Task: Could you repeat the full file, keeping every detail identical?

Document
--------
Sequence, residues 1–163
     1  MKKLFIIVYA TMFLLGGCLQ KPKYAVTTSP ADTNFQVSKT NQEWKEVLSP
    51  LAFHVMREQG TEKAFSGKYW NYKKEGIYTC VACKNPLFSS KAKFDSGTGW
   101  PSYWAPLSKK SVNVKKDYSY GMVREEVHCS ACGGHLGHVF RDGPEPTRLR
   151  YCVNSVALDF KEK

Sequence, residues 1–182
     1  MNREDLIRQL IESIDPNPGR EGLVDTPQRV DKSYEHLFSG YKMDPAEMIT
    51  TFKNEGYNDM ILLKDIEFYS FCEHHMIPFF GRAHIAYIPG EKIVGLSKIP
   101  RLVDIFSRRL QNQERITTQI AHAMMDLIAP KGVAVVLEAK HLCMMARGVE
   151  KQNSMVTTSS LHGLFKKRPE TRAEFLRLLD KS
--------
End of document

Sequence, residues 1–163
     1  MKKLFIIVYA TMFLLGGCLQ KPKYAVTTSP ADTNFQVSKT NQEWKEVLSP
    51  LAFHVMREQG TEKAFSGKYW NYKKEGIYTC VACKNPLFSS KAKFDSGTGW
   101  PSYWAPLSKK SVNVKKDYSY GMVREEVHCS ACGGHLGHVF RDGPEPTRLR
   151  YCVNSVALDF KEK

Sequence, residues 1–182
     1  MNREDLIRQL IESIDPNPGR EGLVDTPQRV DKSYEHLFSG YKMDPAEMIT
    51  TFKNEGYNDM ILLKDIEFYS FCEHHMIPFF GRAHIAYIPG EKIVGLSKIP
   101  RLVDIFSRRL QNQERITTQI AHAMMDLIAP KGVAVVLEAK HLCMMARGVE
   151  KQNSMVTTSS LHGLFKKRPE TRAEFLRLLD KS